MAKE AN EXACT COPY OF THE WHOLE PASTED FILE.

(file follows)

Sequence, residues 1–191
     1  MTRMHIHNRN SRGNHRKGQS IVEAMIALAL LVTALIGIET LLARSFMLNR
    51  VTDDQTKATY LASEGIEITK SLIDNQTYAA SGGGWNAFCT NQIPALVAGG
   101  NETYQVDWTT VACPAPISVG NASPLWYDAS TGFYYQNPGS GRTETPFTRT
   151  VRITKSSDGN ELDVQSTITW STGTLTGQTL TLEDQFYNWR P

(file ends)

Sequence, residues 1–191
     1  MTRMHIHNRN SRGNHRKGQS IVEAMIALAL LVTALIGIET LLARSFMLNR
    51  VTDDQTKATY LASEGIEITK SLIDNQTYAA SGGGWNAFCT NQIPALVAGG
   101  NETYQVDWTT VACPAPISVG NASPLWYDAS TGFYYQNPGS GRTETPFTRT
   151  VRITKSSDGN ELDVQSTITW STGTLTGQTL TLEDQFYNWR P